A-level results: 'Huge mess' as exams appeal guidance withdrawn

2020-08-16 | Since 2 Month

The exams regulator is reviewing its guidance on how to appeal against A-level and GCSE grades using mock exam results - hours after publishing it.

On Saturday Ofqual set out what constituted a "valid" mock exam for students appealing against A-level results in England.

But the regulator has now suspended those criteria, and further information will be published "in due course".

One Tory MP described it as a "huge mess" that was "unacceptable".

Neither A-level nor GCSE students were able to sit public exams this year because of the coronavirus pandemic, and almost 40% of A-level grades were marked down from teachers' predictions by an Ofqual algorithm.

The Conservative chairman of the education select committee, Robert Halfon, said the decision to review appeals guidance only announced on Saturday left students and schools in confusion.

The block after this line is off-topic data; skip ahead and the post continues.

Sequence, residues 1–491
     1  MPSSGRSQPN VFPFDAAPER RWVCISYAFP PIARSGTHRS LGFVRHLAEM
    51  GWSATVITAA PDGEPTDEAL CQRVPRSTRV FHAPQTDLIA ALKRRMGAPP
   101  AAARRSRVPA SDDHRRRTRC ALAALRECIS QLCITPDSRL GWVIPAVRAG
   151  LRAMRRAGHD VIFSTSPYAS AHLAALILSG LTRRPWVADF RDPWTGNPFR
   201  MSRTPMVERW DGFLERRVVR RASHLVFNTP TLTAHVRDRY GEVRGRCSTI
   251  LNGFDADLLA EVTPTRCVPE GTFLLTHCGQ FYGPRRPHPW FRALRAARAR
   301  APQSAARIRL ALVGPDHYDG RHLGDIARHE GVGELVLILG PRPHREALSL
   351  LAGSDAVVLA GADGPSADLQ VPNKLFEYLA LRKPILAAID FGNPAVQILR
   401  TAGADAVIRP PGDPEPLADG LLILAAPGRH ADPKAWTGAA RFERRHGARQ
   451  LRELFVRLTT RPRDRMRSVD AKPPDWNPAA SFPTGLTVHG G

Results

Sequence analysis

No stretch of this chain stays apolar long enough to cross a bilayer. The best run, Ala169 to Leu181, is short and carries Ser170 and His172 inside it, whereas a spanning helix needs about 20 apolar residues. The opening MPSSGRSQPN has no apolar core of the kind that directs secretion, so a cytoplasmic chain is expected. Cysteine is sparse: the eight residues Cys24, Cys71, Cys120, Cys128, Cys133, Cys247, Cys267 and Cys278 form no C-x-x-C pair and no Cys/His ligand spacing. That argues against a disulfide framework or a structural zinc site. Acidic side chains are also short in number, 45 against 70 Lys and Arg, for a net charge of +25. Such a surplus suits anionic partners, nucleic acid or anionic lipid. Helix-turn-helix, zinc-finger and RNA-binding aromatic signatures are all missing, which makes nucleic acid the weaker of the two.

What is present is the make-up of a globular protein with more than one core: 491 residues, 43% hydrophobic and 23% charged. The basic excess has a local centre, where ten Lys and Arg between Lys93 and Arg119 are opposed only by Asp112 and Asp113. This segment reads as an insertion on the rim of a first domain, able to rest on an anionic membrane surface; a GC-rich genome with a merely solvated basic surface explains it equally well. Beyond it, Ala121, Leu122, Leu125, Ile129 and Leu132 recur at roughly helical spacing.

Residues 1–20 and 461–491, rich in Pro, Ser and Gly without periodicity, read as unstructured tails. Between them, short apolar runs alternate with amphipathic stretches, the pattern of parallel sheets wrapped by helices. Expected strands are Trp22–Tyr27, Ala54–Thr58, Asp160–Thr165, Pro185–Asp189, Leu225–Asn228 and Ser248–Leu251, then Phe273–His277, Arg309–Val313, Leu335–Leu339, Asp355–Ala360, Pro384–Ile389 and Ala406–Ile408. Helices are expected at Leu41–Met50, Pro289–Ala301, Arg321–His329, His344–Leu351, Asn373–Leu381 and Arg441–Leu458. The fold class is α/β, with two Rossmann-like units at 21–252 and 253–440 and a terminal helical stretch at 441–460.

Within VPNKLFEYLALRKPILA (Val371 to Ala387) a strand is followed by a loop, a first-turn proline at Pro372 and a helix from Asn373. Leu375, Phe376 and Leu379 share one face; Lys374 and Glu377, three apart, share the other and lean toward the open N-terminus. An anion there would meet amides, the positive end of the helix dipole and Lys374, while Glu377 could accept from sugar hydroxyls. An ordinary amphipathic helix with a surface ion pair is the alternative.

"That is a huge mess. Goodness knows what is going on at Ofqual. It is the last thing we need at this time. This is just unacceptable in my view," he said.

"Students and teachers are incredibly anxious - particularly the students who are worried about their future. This has got to be sorted out.

"Ofqual shouldn't put things on websites, take them away, sow confusion. This is just not on and it has got to be changed."

Meanwhile, the statistical model used by Ofqual to determine grades faces two legal challenges, which argue students were unfairly judged on the school they attend.

Ofqual said earlier on Saturday that, where a written mock exam was not taken, it would consider other teacher assessments instead.

However, a statement published late on Saturday night on the regulator's website read: "Earlier today we published information about mock exam results in appeals.

"This policy is being reviewed by the Ofqual Board and further information will be published in due course."

Hundreds of students have held a demonstration in central London, demanding clarify over the appeals procedure.

Holding placards - many of which called for the education secretary's resignation - they made their way through Westminster to the Department for Education.

Dozens of protesters sat on the front steps while others shouted "come out Gavin" and "justice for the working class".

Many of the demonstrators have called the downgrading of results "classist".

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